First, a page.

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8,139 miles, 19.5 hours, 4 countries, 3 continents, and one weird turkey meatloaf airplane meal later… I’ve arrived!
I’ve hit the ground running here in Benin. I threw my bags down, had a photo snapped for my I.D. card (with that fabulous jet-lagged, deer-in-the-headlights look), filled out paperwork, and was handed the keys to my cabin, which I share with four other lovely ladies.
Now, let me be honest – I’ve struggled with what to share. There’s so much. How do I explain what I’ve just stepped into? It’s a different world here, and one I’ve already come to love. Let’s cover the basics first. Mercy Ships is the world’s largest civilian hospital ship providing state-of-the-art care to those in desperate need, free of charge. In Africa, there are only 2.5 physicians per 10,000 people. (Compare that to Europe, where the ratio is 33.3 to 10,000.) In addition, 50% of the world’s population lives
within 100 miles of the coast. A ship allows the freedom to bring a hospital – stocked, staffed, and state-of-the-art – straight to areas of desperate need. Thousands of people come to the screenings when Mercy Ships arrives, waiting for hours to be seen.
And, this ship is run solely by volunteers from all over the world. In the operating room alone I’ve had the privilege to work with professionals from Holland, Germany, Ireland, Great Britain, Australia, New Zealand, Canada and Benin. On Tuesday the staff had worship and Bible study in the hallway of the OR before the day began. Imagine, all of those medical professionals from so many nationalities worshiping and praying together. It was breathtaking.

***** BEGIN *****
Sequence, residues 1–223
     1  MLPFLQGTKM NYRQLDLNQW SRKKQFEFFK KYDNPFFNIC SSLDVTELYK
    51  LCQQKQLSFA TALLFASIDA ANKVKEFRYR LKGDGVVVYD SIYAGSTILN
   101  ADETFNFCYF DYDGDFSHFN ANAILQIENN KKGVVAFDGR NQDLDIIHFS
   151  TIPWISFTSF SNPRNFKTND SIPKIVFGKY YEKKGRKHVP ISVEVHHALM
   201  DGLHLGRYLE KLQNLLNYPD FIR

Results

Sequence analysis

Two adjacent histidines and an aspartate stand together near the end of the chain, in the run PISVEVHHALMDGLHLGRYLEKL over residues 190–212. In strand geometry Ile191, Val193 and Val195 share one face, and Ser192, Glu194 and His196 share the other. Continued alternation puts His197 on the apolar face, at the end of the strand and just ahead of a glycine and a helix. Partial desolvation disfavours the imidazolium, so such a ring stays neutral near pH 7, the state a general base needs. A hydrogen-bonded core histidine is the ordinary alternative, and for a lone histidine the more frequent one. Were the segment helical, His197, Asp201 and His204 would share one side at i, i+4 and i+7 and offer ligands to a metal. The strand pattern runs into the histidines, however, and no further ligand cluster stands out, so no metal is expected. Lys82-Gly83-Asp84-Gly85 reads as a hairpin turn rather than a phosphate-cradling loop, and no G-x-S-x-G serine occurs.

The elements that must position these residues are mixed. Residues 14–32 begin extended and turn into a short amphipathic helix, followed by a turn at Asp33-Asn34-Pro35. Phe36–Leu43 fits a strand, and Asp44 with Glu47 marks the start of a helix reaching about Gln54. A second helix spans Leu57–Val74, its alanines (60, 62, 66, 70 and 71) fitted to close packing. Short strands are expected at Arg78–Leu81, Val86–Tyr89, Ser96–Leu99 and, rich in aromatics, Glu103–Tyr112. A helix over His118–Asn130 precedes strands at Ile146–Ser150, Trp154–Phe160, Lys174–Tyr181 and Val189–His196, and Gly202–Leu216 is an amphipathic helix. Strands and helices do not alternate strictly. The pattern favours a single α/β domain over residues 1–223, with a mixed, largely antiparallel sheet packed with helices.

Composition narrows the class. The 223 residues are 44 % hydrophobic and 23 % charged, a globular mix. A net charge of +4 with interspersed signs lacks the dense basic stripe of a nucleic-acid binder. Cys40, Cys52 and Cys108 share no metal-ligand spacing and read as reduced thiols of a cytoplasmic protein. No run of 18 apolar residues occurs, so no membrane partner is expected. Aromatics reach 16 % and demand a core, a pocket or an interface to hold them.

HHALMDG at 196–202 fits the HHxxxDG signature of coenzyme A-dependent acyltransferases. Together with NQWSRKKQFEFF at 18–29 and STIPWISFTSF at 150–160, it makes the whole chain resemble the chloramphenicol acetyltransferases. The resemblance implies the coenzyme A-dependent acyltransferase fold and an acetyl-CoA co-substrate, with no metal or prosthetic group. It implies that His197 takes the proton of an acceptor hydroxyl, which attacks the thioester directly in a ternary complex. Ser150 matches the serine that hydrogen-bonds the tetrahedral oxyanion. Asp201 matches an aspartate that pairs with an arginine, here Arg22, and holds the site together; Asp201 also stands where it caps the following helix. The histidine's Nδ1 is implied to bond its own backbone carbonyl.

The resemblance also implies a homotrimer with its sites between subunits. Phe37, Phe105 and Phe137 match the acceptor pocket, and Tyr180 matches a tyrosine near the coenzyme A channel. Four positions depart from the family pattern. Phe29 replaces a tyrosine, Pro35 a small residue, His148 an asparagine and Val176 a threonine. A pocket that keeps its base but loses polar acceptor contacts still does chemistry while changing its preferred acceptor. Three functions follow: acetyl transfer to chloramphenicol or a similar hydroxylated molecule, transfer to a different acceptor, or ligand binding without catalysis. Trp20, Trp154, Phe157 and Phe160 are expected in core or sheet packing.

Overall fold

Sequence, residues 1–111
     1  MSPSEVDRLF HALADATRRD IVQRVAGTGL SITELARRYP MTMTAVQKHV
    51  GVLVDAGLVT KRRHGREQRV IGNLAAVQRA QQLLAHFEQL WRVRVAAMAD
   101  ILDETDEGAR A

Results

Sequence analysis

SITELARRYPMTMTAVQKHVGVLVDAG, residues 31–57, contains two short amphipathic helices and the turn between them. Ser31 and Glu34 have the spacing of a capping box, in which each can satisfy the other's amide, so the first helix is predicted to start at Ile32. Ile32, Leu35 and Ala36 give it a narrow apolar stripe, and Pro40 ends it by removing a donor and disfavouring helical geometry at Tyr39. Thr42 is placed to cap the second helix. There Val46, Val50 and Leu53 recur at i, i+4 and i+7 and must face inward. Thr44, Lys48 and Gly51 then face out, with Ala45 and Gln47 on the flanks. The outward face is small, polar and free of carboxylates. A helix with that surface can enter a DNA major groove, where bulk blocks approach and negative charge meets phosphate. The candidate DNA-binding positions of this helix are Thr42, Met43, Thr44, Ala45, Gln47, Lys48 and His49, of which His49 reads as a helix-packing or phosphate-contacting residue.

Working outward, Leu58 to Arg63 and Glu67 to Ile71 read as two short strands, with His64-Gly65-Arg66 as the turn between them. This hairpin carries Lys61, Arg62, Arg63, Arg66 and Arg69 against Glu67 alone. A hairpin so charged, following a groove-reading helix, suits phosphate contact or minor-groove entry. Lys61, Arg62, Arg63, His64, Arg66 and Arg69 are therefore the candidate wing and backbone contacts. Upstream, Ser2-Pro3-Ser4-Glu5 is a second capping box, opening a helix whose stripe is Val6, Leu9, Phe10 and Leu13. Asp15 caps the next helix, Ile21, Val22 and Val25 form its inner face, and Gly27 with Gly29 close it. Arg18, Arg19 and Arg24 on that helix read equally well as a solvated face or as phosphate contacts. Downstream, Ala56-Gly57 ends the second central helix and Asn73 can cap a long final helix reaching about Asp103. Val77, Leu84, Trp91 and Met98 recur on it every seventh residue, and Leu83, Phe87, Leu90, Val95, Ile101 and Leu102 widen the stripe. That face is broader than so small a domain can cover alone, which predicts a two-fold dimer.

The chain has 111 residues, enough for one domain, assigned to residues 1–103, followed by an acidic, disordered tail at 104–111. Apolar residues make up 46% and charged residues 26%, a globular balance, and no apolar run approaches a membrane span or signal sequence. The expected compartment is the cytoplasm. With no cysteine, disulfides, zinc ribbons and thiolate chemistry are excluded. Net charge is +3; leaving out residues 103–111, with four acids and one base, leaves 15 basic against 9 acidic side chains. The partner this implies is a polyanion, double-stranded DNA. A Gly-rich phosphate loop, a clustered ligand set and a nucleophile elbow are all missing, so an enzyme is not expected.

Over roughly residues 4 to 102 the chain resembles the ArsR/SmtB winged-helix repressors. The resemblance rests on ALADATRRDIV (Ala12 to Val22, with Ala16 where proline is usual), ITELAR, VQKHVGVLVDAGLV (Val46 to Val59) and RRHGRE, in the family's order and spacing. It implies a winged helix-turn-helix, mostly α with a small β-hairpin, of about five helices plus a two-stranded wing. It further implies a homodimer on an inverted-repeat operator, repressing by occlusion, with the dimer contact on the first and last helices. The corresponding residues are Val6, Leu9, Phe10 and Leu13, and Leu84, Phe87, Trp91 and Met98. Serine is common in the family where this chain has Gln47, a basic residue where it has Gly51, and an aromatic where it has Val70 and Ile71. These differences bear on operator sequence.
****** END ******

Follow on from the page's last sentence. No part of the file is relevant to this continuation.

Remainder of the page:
Right now the OR is working three different services: plastics (but definitely not things like facelifts and Botox), maxillofacial, and general. This week I started in maxillofacial. I’m able to watch faces transform before my eyes. A baby can come in with a cleft lip, and come out beautifully whole again. One young woman came in to have what was essentially a large tumor removed from her face. After her surgery, I overheard the ward nurse say “Her youngest child is 7, and that child has never known her mother without that facial tumor. Imagine when she sees her now!” Imagine. A tumor that was growing unchecked for years, and would have killed her either from malnutrition or suffocation, was taken away in just a few hours. Surgery not only restored her appearance, it restored her hope. This is why I am here, and I am so humbled and privileged to be a small part of what is happening.
I can’t wait to take y’all on this journey with me. More later!